Happy February everyone. I picked three more beloved fantasy/science fiction series for todays game. Even as I’m typing this, I’m not sure which books I’m going to choose for which categories. For people new to the game, in the comments you say which book you would read (your favorite/perfect as is), which you’d rewrite (you like it, but there is something you want to change about it), and which you’d burn (your least favorite). Now for my turn … Continue reading “Burn, Read, Rewrite: Lord of the Rings, Ender’s Game, & Game of Thrones”
Happy Sunday! I’m a little groggy today, because instead of going to bed early like I planned so that I would feel fresh in the morning to put together the blog post, do my NaNoWriMo daily writing, and study for the GRE (which I’m taking in less than a week!) I stayed up past three in the morning reading Along for the Ride, by Sarah Dessen. In honor of this late night reading, I thought I’d share a post suggests other authors for fans of Dessen’s books. Here are some other great links from around the web:
- Fourteen Published Novels that began as NaNoWriMo projects.
- Online Auction where you can bid on items or experiences from authors, editors, and literary agents to raise money for the Red Cross’s Typhoon Haiyan Appeal.
- The cast from the Hunger Games list their favorite young adult books Continue reading “Links for a Lazy Sunday”
Which movies are you most excited for? Which ones do you want to hurry to read the book before the movie comes out? Continue reading “Upcoming Movie Adaptations of Popular YA Novels”
I obviously love to read. I think this love has defined most of my life choices and goals. Why? What is it about reading? It is books like Ender’s Game by Orson Scott Card. Which I read last Fall for the first time, becoming enthralled not only with the excitement, the high stakes, the inordinately thought out future landscape, although all of these things did hold my interest. But mostly, it was a deeply felt connection with Ender that I’m not sure I can or want to explain.
For me connection with a character is the biggest determinant on if I like a book. And I will search throughout a book for some way to connect with the main character. But this connection went beyond my usual surface connection, like the main character and I have never been in love before, or both have divorced parents, or both like to read. When a friend asked me this deeper connection, and I replied, “nothing good” I was thinking about a mutual hatred of change, constant evaluation of situation and plotting, and a feeling of isolation, all of which were present but did not define my childhood.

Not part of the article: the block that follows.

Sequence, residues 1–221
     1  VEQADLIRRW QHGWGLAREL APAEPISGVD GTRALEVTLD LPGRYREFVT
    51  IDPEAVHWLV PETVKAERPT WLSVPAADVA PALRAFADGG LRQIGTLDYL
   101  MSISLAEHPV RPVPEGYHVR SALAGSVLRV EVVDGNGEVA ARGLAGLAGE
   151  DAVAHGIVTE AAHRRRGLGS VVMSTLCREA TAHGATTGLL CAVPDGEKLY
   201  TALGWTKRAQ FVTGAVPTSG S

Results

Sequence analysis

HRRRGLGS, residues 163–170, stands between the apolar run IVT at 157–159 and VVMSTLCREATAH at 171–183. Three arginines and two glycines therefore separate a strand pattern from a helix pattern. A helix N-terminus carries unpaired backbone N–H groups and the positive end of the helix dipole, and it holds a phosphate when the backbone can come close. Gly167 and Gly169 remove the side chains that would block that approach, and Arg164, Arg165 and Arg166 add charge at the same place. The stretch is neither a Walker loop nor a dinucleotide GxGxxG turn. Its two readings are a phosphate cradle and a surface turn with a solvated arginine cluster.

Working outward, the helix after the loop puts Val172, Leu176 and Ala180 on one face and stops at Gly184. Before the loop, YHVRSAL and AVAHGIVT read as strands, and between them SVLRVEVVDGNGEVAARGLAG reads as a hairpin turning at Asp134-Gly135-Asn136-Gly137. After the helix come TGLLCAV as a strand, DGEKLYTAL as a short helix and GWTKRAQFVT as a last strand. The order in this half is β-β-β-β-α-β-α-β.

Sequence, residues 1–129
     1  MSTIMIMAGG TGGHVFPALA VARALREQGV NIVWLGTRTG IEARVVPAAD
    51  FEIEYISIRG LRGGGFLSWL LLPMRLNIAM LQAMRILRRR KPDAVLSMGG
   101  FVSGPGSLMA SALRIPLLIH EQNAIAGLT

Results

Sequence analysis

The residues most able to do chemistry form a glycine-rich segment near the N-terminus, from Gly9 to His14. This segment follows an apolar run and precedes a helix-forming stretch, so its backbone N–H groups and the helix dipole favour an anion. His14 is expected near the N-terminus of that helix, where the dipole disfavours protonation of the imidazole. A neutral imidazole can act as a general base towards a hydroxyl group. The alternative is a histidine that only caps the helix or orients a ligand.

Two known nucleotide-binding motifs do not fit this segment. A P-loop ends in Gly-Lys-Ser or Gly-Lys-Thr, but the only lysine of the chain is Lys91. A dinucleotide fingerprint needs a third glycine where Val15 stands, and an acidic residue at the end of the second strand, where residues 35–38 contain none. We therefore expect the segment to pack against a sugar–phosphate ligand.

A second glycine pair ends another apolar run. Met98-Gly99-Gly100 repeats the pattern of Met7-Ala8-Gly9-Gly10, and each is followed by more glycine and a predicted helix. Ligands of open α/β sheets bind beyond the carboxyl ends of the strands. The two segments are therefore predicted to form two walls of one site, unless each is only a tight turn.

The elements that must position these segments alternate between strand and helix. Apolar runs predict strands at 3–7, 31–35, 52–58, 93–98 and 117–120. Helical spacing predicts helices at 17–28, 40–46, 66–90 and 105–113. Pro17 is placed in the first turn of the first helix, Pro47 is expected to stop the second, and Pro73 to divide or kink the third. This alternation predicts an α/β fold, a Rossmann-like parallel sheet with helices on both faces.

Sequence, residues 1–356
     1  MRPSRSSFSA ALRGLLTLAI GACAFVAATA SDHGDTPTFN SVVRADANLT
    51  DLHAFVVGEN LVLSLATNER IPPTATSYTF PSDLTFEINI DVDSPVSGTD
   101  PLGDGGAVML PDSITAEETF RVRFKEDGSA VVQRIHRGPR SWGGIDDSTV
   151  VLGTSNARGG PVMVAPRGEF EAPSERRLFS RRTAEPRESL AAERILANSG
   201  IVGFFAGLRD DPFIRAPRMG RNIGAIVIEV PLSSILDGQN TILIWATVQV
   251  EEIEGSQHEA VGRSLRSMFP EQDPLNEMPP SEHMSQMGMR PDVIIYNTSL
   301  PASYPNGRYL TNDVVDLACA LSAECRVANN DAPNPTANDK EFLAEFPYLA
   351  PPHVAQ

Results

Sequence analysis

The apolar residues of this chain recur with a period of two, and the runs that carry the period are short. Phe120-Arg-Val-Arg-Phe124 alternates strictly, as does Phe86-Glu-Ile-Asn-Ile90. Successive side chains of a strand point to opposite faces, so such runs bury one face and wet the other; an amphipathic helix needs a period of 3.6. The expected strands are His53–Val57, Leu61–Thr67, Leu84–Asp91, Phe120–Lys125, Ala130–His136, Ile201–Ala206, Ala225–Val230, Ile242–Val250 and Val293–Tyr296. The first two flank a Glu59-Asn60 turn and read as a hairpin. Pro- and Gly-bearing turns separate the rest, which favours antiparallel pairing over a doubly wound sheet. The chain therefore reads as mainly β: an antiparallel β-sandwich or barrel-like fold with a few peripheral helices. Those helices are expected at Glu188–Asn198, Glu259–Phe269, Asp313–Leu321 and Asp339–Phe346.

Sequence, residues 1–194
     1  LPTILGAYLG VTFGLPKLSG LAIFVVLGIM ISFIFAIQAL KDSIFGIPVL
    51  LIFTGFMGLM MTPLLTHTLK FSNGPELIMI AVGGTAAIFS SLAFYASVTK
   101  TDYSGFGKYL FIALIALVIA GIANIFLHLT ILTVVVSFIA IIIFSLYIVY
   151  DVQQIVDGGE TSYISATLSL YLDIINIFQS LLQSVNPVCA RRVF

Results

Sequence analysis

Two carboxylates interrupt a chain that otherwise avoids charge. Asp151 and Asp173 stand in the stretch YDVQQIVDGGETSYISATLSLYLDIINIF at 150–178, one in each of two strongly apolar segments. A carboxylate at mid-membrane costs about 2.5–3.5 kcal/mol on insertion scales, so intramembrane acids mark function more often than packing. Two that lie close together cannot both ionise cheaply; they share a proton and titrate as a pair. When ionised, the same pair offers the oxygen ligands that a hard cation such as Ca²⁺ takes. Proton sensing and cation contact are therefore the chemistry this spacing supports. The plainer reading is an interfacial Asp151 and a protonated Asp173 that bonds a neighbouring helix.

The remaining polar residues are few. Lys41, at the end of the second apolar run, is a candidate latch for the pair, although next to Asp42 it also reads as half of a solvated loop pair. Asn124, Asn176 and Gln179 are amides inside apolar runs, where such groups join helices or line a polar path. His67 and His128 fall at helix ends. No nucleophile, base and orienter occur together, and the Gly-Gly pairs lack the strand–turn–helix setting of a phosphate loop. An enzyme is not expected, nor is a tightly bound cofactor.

I think the book served to expose an often un-examined truth of childhood. In Ender’s Game, the adults manipulate every aspect of his environment in order to “train” him to be humanity’s savior. In doing so they take all illusion of control away from him and replace it with enormous responsibility. Not so different from the mandate children receive to grow up and “follow their dreams” and “change the world”. Being a child is in many ways perilous, in social terms, in terms of physical safety, but also in terms of holding the weight and promise of the future.
But enough about me, if you haven’t read it, Ender’s Game is one of the seminal science fiction works and follows young Ender Wiggin who, hated by his sadistic brother, over shadowed by his sister, agrees to go to Battle School where the Earth’s most talented children are placed into groups and participate in fight simulations. The odds are stacked against him, and things get gruesome at times…but what holds the reader’s interest., as well as the adults observing Ender, is the question of his character and psychology.
The book received much praise and critical acclaim, but also has some strong objectors, primarily due to claims of glorified or excused violence. In fact, some have gone so far as to compare Ender to Hitler (now what does that say about my connection with the character!). The book was violent, in a way that I would never have read this during my teens. That seems true of more than half the successful YA books written today and forgiveness of a violent hero is nothing new. Think Richard III or Achilles or even Gilgamesh.
If you loved Hunger Games, you will love this book. But other people will probably love it to. If you read it, based on friends and the Internet’s reaction, you will probably love or hate this book. And you know how the song goes “love me or hate me it’s still an obsession.” I don’t exactly know why I’m trying to sell it though, since I think I was one of the last people to get around to reading it.
For further reading and reviews:
- Hatrack River – Card’s Personal Website
- Interview with Card
- Upcoming Movie
- Ender’s Game Comics and Ender’s Game Sequels
- Read Now Sleep Later Review
There’s a lot more on the internet. I promise.